We stepped off the plane in Port-au-Prince and the air was cool. You know most times when you step off the air-conditioned plane you immediately feel the heat. It wasn’t that way. The sky was cloudy – a gray overcast and the air felt cool.
We went through customs and our luggage was the first bags to come off. In fact they came so quickly and all at once that we were running down the baggage claim area just to catch up to the bags. We walked right through customs without even a glance at our 12 large pieces of luggage.
Conjae had his truck outside waiting for us and we went right to the hotel. I saw the Lashbrook family who had just traveled that day from Port-de-Paix. They told me it was the first day of flying and there were fights as people were desperate to get home. His wife had even been pushed and essentially it was really crazy. That made me a little nervous about what we could expect the next day.
We ordered supper, cleaned up, and watched TV. I felt the muscles in my neck tense up and I immediately decided regardless of how tomorrow folds out – I refuse to think about it anymore. I’m going to be like CURT! 🙂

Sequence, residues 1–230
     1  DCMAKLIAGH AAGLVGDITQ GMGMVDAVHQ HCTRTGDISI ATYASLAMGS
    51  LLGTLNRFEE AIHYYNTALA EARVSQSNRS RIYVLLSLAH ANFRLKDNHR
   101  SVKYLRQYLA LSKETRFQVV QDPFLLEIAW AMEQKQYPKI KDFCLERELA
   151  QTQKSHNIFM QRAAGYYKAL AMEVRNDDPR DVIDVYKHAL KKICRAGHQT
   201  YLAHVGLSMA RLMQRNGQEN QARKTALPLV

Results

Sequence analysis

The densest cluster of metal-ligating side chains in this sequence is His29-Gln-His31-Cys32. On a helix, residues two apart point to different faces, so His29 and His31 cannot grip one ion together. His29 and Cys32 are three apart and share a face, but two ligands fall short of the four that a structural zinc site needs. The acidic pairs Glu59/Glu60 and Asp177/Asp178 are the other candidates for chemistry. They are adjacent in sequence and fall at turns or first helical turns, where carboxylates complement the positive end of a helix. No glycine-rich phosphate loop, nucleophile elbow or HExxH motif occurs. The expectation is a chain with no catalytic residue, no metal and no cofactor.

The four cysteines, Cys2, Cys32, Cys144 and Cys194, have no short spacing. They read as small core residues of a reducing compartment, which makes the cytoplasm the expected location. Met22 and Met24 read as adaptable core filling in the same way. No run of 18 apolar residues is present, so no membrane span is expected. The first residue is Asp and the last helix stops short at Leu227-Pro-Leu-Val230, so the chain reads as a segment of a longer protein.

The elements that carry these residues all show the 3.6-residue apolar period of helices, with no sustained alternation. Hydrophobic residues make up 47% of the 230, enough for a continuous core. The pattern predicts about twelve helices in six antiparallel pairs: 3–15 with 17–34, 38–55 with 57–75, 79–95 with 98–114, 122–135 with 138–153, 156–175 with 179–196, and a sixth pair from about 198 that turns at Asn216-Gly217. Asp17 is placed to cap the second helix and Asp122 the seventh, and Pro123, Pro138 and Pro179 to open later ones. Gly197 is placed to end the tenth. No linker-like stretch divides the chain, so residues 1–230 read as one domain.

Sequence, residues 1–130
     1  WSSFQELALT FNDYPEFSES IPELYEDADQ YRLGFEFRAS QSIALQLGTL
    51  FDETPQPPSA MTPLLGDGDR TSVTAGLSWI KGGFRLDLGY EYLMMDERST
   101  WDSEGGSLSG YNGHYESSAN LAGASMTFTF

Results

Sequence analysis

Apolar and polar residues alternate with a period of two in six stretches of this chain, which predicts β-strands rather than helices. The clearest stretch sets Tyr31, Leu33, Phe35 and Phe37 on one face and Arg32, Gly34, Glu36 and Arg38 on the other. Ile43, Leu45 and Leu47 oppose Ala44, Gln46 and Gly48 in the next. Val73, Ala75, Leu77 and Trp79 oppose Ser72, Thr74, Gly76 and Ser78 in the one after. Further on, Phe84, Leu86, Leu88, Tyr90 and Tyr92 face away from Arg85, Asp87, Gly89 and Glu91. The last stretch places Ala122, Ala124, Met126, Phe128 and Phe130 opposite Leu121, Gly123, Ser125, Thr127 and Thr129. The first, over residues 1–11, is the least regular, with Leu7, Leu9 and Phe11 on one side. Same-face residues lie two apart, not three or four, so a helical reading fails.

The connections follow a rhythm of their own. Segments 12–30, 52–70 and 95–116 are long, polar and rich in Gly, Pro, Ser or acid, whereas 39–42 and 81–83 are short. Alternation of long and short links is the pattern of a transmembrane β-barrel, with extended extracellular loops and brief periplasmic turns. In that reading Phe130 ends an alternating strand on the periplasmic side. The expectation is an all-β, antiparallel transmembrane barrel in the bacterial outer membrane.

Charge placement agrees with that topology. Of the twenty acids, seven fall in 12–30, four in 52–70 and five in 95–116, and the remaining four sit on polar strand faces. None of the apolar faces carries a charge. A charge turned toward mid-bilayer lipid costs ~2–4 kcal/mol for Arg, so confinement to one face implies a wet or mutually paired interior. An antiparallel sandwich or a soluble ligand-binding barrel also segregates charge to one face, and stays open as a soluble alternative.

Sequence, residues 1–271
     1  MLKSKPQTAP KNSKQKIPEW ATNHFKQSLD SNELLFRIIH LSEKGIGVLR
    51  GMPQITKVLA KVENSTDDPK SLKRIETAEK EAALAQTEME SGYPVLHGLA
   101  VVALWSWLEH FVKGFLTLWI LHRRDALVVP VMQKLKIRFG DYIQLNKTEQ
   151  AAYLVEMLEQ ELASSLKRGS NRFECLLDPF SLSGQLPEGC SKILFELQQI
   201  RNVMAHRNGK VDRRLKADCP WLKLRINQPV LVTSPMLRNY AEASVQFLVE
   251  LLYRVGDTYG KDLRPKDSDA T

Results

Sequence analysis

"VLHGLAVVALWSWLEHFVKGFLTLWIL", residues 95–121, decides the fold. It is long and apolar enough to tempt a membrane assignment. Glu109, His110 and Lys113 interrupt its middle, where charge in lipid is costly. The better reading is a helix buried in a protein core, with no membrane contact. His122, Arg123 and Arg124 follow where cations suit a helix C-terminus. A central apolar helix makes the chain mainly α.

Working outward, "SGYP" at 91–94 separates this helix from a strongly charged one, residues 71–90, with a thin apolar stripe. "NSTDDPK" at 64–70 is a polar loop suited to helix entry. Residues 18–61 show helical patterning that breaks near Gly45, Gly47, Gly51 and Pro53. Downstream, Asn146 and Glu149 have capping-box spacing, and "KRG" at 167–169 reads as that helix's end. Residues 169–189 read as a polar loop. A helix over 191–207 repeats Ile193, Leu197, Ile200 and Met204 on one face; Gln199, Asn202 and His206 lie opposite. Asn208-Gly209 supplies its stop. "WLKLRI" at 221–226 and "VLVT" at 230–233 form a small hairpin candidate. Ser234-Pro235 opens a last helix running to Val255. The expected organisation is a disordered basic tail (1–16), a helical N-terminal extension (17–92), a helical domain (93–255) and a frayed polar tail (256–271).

We drifted to sleep around 9pm and woke up at 6am and headed to the little airport. We arrived and the place had only a few people in it. We sat, drank water and loaded the plane at 8am. We had all but 2 bags on our plane. I knew that we might make it – but all our bags? Wow – when does that happen even on a good day?
We flew over a very muddy Haiti – and I tried to take some pictures from the plane but they weren’t very good. We arrived with a crew of people waiting to see us – we were so excited to see our friends. We heard all kinds of stories about what had happened since we were gone – about all the damage of the hurricanes. I heard how soap is now 3 USD a bar, Rice is now 51 USD a small bag, Gasoline is 15 USD a gallon, and peanut butter 8 USD a jar.
Those prices are if you’re lucky enough to even find them on the street. With the roads in Gonaives being nearly destroyed and bridges still aren’t fixed – the north part of the island remains cut off and the prices continue to soar.
I became teary-eyed as my friends asked more questions about me and my health – and seemed more concerned with how our family was then their own struggle they have in their life. It was all I could do to ask a question – as they kept the conversation on our family.